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Civil Air Patrol History

The Civil Air Patrol is an organization rich in history and dedicated to service to our nation. For more than 50 years, volunteer men, women, and young people from every state in the nation, plus Washington, DC and Puerto Rico, have aggressively performed the missions of CAP. It is with the this spirit that CAP presses into the 21st century and beyond. The idea for the Civil Air Patrol had its roots in the late 1930's. Germany invaded Poland on September 2, 1939 and the balck cloud of world war seemed to cast its shadow upon the hopes of peace. As early as 1938, they began to argue for the creation of an organization to harness their aviation resources to aid the nation in the event America entered the conflict. 1 Among them were nearly 150,000 men and women involved in aviation. Gill Robb Wilson, an aviator with the support of Gen. Henry "Hap" Arnold, was the instrumental catalyst in the creation of the Civil Air Patrol on Dec. 1, 1941 - one week before Pearl Harbor.

Civil Air Patrol was organized as part of the U.S. Office of Civilian Defense, headed by former New York Mayor Fiorello LaGuardia.

Civil Air Patrol members became the "Minutemen" of World War II, volunteering their time, resources, and talents to defend the nation's borders and fill the gaps as men and resources were being mobilized to fight abroad. 2 Civil Air Patrol light planes patrol the Gulf of Mexico seeking German submarines. Most of the planes are based in Brownsville and are unarmed.3

The War Department, especially the Army Air Forces, recognized the important roles performed by CAP. In April 1943, CAP was reassigned from the Office of Civilian Defense to the War Department and placed under the jurisdiction of the Army Air Forces.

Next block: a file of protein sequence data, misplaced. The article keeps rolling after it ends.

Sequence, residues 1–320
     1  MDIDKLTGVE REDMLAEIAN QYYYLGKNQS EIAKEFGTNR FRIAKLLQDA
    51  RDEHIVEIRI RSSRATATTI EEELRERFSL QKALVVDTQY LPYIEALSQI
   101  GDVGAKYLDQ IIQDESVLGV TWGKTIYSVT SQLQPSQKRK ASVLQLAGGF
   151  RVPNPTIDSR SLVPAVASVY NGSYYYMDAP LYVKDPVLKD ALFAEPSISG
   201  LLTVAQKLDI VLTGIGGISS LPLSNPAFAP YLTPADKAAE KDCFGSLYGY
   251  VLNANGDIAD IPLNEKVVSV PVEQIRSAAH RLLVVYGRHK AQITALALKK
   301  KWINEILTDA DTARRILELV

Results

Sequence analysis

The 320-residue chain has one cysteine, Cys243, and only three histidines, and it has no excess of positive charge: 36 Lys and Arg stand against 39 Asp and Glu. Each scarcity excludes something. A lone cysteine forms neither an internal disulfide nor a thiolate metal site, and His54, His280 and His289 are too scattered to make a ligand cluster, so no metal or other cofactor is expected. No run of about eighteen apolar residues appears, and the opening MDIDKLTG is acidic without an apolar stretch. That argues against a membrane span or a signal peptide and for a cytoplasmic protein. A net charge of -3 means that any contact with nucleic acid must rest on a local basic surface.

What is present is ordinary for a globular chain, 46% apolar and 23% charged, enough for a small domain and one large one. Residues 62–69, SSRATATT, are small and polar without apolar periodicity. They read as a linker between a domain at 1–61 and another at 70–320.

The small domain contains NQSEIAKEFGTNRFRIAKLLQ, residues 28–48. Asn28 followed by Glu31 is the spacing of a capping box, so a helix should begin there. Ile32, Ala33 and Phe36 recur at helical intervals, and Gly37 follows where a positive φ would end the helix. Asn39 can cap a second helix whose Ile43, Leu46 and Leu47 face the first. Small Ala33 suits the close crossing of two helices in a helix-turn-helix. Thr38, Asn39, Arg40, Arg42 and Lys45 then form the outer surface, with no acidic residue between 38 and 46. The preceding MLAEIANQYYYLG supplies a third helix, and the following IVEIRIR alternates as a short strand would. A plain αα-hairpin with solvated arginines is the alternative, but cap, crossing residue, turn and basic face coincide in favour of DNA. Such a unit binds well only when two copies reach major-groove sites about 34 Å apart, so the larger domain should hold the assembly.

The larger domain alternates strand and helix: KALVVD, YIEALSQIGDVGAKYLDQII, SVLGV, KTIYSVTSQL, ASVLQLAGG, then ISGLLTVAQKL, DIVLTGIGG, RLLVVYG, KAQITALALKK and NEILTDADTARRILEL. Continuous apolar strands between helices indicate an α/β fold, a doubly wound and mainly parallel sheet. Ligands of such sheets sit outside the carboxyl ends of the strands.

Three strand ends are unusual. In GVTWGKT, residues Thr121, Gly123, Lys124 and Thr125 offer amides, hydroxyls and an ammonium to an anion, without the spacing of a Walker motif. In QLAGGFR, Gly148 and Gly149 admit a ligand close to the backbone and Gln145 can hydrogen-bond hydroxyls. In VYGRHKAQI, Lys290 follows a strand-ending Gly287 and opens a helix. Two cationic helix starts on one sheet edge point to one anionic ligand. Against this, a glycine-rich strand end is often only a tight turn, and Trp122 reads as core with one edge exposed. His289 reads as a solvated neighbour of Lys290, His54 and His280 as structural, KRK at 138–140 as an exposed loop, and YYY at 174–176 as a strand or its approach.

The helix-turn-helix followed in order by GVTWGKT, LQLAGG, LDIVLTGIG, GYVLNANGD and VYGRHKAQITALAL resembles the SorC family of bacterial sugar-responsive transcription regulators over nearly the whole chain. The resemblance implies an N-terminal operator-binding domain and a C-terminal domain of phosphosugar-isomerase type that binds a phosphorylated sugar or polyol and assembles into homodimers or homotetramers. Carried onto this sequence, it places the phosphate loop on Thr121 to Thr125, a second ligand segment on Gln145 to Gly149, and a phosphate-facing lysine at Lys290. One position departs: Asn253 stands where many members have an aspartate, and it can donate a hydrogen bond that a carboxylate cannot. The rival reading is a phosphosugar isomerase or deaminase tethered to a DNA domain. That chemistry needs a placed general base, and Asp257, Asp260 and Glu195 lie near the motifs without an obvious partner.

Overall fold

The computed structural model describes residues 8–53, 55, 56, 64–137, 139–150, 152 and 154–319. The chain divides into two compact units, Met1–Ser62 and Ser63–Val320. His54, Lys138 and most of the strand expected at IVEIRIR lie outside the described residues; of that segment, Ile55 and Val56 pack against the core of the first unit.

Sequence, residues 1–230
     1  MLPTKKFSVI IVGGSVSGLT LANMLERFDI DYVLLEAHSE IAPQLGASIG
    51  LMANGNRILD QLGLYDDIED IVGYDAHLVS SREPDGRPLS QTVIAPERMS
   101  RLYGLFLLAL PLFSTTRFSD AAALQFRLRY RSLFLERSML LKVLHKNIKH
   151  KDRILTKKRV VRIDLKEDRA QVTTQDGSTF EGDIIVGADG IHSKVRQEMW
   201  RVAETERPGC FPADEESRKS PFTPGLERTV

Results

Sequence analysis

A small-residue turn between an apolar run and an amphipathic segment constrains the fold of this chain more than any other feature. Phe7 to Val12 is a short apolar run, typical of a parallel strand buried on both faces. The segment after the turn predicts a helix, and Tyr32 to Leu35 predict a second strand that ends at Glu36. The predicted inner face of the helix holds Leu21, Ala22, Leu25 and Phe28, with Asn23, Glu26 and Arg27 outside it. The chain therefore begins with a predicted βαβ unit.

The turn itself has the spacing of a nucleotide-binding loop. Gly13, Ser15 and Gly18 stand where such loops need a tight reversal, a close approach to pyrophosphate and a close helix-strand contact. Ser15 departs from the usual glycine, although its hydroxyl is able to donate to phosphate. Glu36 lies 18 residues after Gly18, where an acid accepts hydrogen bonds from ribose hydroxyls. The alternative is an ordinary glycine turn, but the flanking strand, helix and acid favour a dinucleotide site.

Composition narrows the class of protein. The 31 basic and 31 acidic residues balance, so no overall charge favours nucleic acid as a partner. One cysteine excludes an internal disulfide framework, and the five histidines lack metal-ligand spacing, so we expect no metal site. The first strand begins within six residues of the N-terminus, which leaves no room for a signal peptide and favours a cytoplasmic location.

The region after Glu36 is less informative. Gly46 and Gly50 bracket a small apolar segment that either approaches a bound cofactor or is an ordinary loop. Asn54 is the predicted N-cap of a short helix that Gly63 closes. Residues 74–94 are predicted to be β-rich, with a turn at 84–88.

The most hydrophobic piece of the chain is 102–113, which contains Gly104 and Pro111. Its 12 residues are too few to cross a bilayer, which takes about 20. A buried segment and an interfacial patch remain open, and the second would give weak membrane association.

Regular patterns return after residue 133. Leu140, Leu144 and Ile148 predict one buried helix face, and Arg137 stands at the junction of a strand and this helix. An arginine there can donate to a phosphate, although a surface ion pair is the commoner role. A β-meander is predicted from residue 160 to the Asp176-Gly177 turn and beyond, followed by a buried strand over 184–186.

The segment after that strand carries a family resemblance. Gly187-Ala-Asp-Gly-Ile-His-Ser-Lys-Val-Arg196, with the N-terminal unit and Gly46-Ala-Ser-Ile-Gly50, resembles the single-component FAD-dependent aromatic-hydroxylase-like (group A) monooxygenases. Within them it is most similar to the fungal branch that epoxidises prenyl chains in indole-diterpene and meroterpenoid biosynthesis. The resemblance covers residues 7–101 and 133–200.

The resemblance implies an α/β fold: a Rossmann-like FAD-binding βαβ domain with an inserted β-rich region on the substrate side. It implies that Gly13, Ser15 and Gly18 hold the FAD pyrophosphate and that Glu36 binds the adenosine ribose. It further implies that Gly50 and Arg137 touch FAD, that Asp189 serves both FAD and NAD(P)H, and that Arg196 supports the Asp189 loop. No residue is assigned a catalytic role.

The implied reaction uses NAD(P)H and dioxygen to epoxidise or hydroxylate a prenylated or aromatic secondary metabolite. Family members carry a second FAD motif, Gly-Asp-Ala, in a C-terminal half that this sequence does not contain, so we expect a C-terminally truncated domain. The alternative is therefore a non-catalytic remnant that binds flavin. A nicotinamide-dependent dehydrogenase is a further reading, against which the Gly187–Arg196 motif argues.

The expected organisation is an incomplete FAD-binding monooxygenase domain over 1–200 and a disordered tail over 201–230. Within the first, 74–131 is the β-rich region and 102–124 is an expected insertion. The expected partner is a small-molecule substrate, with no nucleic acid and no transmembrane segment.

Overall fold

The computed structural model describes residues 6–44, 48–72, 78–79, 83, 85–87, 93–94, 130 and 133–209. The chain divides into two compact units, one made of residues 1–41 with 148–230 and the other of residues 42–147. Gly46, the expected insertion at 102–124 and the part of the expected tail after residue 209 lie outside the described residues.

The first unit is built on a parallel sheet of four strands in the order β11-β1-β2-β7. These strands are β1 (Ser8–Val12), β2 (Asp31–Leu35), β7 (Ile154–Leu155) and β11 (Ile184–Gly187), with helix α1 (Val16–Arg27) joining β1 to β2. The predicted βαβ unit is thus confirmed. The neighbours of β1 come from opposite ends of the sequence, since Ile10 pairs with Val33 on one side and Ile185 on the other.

During World War II, its all volunteer members performed valiantly providing orientation flights to thousands of prospective aviation cadets and recruits. They performed many missions including a 24 million mile coastal patrol to search for enemy submarines, search and rescue missions throughout the United States, cargo and courier flights to transfer critical materials and personnel, and even towing targets so Army Air Corps personnel could practice air-to-air gunnery techniques - a very risky mission with new gunners. They summoned help for 91 ships in distress and 363 survivors of submarine attacks.

Patrol crews spotted 173 enemy submarines, dropped bombs or depth charges on 57 of them and received credit for sinking or seriously damaging at least two. Others were destroyed by planes and ships summoned by Civil Air Patrol radios.4

Civil Air Patrol crews flew many other wartime missions, including a courier service for airlift of personnel and light cargo; target towing and tracking flights for training anti-aircraft gunners; powerline and pipeline surveillance; forest fire patrol; and patrol along the southern U.S. border. From 1942 to 1944 C.A.P. planes fly 30,000 hours on border patrol between Brownsville, TX and Dougles, AZ, looking for suspicious activities. They report almost 7,000 out-of-the-ordinary activities, 176 suspicious aircraft and ensure the capture of two enemy agents and an enemy radio station. 5 Sixty-four members died while performing wartime operations.

On May 26, 1948, Congress passed Public Law 557 which permanently established CAP as the Auxiliary of the new U.S. Air Force. This law also gave the Secretary of the Air Force the authority to provide financial and material assistance to the organization.

The organization became a permanent peacetime institution on July 1, 1946. On that date, President Harry S. Truman signed Public Law 476 of the 79th Congress, incorporating Civil Air Patrol in its present form.6

The 1950's saw a new age for CAP as it took on Cold War and Search and Rescue responsiblities. In 1957 the Brownsville Composite Squadron, which is still based at Brownsville airport, was formed. The unit serves both senior members (adults) and cadets.

  

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Works Cited

1 CAP Manual 50-2 , Marketing & Publications Directorate, CAP National
Headquarters,Maxwell AFB, http://www.spacelab.net/~phoenix/capinfo/history.html

2 Ibid

3 Brownsville Comp. Squadron Web-page/History
Brownsville, Texas, http://www.txcap091.8m.com/

4 Ibid

5 Ibid

6Texas Wing/ Civil Air Patrol Facts

7 CAP Manual 50-2 , Marketing & Publications Directorate, CAP National
Headquarters,Maxwell AFB, http://www.spacelab.net/~phoenix/capinfo/history.html